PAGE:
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Play to that, don’t deny it. Present your solution quickly and clearly. For example, if you’re running a pay-per-click ad for a flower-delivery website, assume that person who clicks on your ad wants and needs flowers. The landing page from your ad shouldn’t be to your homepage, or a page that tells about how you started your flower business, or a page that tells about wonderful meanings of flowers. The landing page for a pay-per-click customer should be straight to point: “You want flowers? I’ve got flowers. Here’s incredible good price. Order here.”
Links from that page to rest of your wonderful site extolling all virtues and nuances of flower business are fine, but they take second place in importance to primary purpose of surfer who clicks on your ad. They want something, or have a problem that needs to be solved. Don’t make them hunt for a solution; they’ll just click back to Google or Overture in disgust, and you’ll have paid for click for nothing.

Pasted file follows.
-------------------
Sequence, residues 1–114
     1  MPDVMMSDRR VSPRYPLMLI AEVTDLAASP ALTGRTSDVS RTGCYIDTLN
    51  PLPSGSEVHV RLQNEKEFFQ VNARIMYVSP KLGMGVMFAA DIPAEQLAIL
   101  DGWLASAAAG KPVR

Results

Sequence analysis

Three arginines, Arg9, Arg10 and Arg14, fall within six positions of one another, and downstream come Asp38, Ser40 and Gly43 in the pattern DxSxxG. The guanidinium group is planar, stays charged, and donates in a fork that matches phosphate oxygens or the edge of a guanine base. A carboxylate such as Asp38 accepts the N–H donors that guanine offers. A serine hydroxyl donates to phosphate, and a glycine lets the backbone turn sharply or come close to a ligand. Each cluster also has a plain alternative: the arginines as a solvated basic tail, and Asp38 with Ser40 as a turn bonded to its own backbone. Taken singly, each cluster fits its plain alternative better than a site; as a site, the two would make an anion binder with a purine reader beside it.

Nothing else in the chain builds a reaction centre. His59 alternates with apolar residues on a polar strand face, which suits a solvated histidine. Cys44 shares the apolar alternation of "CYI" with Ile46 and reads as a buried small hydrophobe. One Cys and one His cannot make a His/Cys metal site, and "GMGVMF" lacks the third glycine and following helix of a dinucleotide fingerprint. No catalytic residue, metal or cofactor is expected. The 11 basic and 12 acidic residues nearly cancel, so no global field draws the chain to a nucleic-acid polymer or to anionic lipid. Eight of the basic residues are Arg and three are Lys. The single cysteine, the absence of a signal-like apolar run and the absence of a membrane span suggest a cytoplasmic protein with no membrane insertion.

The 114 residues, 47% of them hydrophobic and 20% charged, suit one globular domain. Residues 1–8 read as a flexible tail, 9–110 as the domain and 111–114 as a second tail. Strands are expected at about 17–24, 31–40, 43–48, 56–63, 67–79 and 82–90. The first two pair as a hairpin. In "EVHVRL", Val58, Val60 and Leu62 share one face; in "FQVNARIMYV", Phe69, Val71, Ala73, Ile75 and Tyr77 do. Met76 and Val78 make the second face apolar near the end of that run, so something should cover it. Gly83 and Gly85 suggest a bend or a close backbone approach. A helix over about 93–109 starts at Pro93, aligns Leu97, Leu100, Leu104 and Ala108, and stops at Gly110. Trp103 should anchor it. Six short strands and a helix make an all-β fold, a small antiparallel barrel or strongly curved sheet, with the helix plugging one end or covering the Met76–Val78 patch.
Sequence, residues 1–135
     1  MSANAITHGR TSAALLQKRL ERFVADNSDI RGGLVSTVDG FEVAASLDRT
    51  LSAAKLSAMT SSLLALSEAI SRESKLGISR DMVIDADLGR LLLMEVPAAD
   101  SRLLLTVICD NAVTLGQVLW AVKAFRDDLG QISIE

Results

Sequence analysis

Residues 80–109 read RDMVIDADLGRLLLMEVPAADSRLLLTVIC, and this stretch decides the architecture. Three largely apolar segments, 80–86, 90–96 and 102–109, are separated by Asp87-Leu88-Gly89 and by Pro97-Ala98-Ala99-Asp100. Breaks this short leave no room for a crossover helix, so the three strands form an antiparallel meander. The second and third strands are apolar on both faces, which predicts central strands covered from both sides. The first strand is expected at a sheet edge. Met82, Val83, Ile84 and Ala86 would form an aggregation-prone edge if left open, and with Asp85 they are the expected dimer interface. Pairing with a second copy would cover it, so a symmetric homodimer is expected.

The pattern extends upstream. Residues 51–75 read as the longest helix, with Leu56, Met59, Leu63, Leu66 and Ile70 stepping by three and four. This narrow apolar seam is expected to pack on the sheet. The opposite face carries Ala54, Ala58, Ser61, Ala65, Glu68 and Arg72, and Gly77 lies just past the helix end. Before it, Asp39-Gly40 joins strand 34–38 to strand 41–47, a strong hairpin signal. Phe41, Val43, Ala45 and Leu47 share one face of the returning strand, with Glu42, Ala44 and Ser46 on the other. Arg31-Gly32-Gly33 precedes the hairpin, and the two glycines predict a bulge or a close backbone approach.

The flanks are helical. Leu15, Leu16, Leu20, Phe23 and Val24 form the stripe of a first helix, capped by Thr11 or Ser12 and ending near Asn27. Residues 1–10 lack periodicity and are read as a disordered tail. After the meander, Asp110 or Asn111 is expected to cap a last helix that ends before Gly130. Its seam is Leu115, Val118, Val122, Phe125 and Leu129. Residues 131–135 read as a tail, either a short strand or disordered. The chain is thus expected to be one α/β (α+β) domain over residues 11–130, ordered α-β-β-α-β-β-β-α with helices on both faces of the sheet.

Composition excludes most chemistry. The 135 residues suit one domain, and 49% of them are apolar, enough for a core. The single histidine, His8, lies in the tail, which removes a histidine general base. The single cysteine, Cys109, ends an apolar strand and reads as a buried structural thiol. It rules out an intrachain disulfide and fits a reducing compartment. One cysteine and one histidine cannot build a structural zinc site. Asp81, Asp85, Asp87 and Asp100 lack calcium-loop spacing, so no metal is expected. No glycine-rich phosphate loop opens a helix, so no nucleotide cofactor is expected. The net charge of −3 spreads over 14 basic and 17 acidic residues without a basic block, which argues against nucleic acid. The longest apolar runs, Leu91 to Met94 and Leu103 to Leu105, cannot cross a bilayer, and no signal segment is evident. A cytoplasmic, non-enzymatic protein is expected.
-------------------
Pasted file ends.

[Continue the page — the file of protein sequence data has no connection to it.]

Some webmasters structure entire mini-sites just for their pay-per-click ads alone, which are only loosely connected to ‘main’ site. It’s a savvy way of doing business; you play to each audience specifically.
Just remember purpose of pay-per-click advertising. It’s a very direct, very quick method, and if you play to highly motivated and targeted audience you’ll receive, it can work powerfully in your favor.
Daniel Brough is the founder of AdWord Wizards, a free mentoring program designed to teach anyone how to profit from pay-per-click search engines. Want to start a profitable AdWords campaign in less than 30 minutes? Come to http://www.adwordwizard.com and sign up for this free program.